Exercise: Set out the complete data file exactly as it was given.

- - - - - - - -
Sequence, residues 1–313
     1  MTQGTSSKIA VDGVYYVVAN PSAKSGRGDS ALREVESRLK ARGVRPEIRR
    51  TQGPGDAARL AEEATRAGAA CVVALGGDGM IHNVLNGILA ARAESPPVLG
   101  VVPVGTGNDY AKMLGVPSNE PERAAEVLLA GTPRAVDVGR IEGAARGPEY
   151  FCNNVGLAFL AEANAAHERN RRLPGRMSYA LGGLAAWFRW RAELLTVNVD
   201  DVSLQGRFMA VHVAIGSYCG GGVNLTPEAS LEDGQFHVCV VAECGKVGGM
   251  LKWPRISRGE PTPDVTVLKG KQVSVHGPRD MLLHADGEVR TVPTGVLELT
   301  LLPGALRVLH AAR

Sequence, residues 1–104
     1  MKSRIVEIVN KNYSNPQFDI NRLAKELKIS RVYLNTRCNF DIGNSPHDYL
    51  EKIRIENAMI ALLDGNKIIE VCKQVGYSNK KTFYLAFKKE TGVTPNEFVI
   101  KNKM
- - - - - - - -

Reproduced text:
Sequence, residues 1–313
     1  MTQGTSSKIA VDGVYYVVAN PSAKSGRGDS ALREVESRLK ARGVRPEIRR
    51  TQGPGDAARL AEEATRAGAA CVVALGGDGM IHNVLNGILA ARAESPPVLG
   101  VVPVGTGNDY AKMLGVPSNE PERAAEVLLA GTPRAVDVGR IEGAARGPEY
   151  FCNNVGLAFL AEANAAHERN RRLPGRMSYA LGGLAAWFRW RAELLTVNVD
   201  DVSLQGRFMA VHVAIGSYCG GGVNLTPEAS LEDGQFHVCV VAECGKVGGM
   251  LKWPRISRGE PTPDVTVLKG KQVSVHGPRD MLLHADGEVR TVPTGVLELT
   301  LLPGALRVLH AAR

Sequence, residues 1–104
     1  MKSRIVEIVN KNYSNPQFDI NRLAKELKIS RVYLNTRCNF DIGNSPHDYL
    51  EKIRIENAMI ALLDGNKIIE VCKQVGYSNK KTFYLAFKKE TGVTPNEFVI
   101  KNKM